|07-21-2002, 12:06 PM||#1|
Join Date: Nov 2001
Location: Upstate NY
Disabled hunter stays calm even when facing a bear
From today's local paper:
By Gary Fallesen
Democrat and Chronicle
(July 21, 2002) - George Bolender had never seen a bear in the wild until he took his first shot at a big black last month in the rugged bush of New Brunswick, Canada.
The sight of the 300-pound Ursidae lumbering toward him made him wish he was more than 3 1/2 feet off the ground. Especially since the bear measured six feet, seven inches from nose to tail.
Bolender, 43, of Ontario, Wayne County, is a physically disabled bowhunter. An automobile accident in 1991 left him paralyzed.
He'd been helped into a homemade treestand in his wheelchair by Mike Roy, the owner of Bear Paw Outfitters in Bathurst, New Brunswick, who was leading the trip for the Buckmasters American Deer Foundation Disabled Services.
The day before, on Bolender's first trip into the field, Roy had stationed him about eight feet up. But this day, he was stuck closer to the ground. He was unable to position himself for the proper angle to shoot from higher up the tree.
"Mike was a little concerned," Bolender recalled. "But I was cool as a cucumber. Three feet, six inches -- what's the difference? I mean, I hunted them in Minnesota from the ground."
The difference was he didn't actually meet a bear on his hunt in Minnesota two years ago.
Bolender and Roy, who climbed higher for a better view of the area, had agreed that Roy would whistle if he saw something. "I heard him whistle, not once but about five or six times," Bolender said.
At first, Bolender didn't see the reason for the commotion.
Then, he said, "I saw what all the whistling was about -- it was a big black bear sitting down about 50 yards away. Before the trip, I'd educated myself on how to judge the size of a bear in the wild. Needless to say, I wished I was up three or four more feet. He was huge."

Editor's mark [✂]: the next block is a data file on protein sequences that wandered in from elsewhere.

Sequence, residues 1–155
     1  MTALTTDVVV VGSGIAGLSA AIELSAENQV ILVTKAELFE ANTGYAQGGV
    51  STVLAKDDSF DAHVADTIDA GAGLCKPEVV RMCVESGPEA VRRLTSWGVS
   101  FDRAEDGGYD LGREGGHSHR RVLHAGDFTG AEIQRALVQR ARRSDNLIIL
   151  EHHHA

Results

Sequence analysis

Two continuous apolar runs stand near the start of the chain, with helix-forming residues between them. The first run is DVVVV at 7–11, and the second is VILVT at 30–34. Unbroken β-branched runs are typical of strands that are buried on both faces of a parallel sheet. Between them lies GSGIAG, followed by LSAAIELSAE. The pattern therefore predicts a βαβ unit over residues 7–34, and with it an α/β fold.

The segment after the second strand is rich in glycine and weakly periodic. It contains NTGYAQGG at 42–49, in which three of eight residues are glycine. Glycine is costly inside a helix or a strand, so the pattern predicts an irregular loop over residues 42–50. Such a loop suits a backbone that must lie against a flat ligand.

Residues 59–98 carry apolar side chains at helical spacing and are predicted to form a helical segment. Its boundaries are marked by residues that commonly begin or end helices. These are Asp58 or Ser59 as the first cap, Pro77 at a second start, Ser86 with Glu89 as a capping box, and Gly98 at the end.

The bear took the bait Roy placed within range of Bolender's archery shot -- about 20 yards.
As he moved in Bolender's direction, the hunter said, the bear "looked right at me. My heart was already in my throat."
Bolender waited until he had a good broadside shot. Then, within 14 yards, he released his arrow.
"We listened as he tore through the woods making two loud crashes, then nothing," Bolender said. "Even though I was positive it was a lethal shot, I started to question it."
He gave a half-dozen looks at the videotape Roy made of the shot and said, "I was confident he was down." But it was late in the day and the onset of darkness made it too dangerous to track the bear into the brush.
"I would have to sleep on it," said Bolender, who admitted to a long night of insomnia.
In the morning Roy called and told him, "Get down here and take a look at your bear."
It very likely will qualify as a Pope & Young Club award winner. Pope & Young sets scoring criteria for measuring North American big game taken with a bow.
The bear also gives Bolender another story to tell young people when he does demonstrations to show that a physical disability doesn't necessarily mean a person is unable to do something.
Bolender grew up hunting. His pursuit was put on hold for two years when he broke his neck in a car crash.
But in 1993 he resumed deer hunting. Now he has discovered he can go mano-a-Ursus-americanus.
Asked if he wants to inspire young people with his tales, Bolender said, "That's what I'd like to think I'm doing. Even if it's just getting them in tune with the outdoors."
Those who are able often take for granted what there is to be seen and done in the outdoors. Bolender can appreciate looking a bear in the eyes, even if it's from a wheelchair.